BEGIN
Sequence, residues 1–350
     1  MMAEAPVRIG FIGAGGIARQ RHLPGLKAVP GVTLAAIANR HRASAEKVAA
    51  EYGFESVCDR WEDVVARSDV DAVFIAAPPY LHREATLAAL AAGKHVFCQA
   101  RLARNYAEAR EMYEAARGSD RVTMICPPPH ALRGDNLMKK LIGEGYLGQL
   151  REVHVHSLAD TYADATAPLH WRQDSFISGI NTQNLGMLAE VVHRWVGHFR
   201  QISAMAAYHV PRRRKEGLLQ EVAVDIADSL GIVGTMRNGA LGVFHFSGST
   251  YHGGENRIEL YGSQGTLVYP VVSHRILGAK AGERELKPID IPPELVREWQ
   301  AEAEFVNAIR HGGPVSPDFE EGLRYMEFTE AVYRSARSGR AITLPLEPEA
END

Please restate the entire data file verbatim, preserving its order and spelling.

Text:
Sequence, residues 1–350
     1  MMAEAPVRIG FIGAGGIARQ RHLPGLKAVP GVTLAAIANR HRASAEKVAA
    51  EYGFESVCDR WEDVVARSDV DAVFIAAPPY LHREATLAAL AAGKHVFCQA
   101  RLARNYAEAR EMYEAARGSD RVTMICPPPH ALRGDNLMKK LIGEGYLGQL
   151  REVHVHSLAD TYADATAPLH WRQDSFISGI NTQNLGMLAE VVHRWVGHFR
   201  QISAMAAYHV PRRRKEGLLQ EVAVDIADSL GIVGTMRNGA LGVFHFSGST
   251  YHGGENRIEL YGSQGTLVYP VVSHRILGAK AGERELKPID IPPELVREWQ
   301  AEAEFVNAIR HGGPVSPDFE EGLRYMEFTE AVYRSARSGR AITLPLEPEA